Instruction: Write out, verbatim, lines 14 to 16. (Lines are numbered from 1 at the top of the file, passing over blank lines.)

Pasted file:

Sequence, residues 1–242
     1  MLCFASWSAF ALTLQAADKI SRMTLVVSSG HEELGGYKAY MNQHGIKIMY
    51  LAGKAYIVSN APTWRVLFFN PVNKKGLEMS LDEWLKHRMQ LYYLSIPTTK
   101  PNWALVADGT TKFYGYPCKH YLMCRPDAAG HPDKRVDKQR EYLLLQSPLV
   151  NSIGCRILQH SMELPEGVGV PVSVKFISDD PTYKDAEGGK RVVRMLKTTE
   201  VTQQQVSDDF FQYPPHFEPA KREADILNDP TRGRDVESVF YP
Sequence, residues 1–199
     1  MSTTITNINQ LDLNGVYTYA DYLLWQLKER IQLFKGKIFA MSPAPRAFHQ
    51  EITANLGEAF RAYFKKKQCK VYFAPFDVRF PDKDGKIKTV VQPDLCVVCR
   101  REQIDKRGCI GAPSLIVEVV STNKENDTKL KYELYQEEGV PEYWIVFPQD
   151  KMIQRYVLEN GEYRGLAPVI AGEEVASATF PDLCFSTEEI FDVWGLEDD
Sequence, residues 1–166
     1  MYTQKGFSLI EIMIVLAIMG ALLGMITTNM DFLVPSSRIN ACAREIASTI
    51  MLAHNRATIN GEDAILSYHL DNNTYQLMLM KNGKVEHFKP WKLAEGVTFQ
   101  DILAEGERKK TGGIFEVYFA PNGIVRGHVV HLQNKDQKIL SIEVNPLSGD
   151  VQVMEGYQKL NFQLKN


    51  MLAHNRATIN GEDAILSYHL DNNTYQLMLM KNGKVEHFKP WKLAEGVTFQ
   101  DILAEGERKK TGGIFEVYFA PNGIVRGHVV HLQNKDQKIL SIEVNPLSGD
   151  VQVMEGYQKL NFQLKN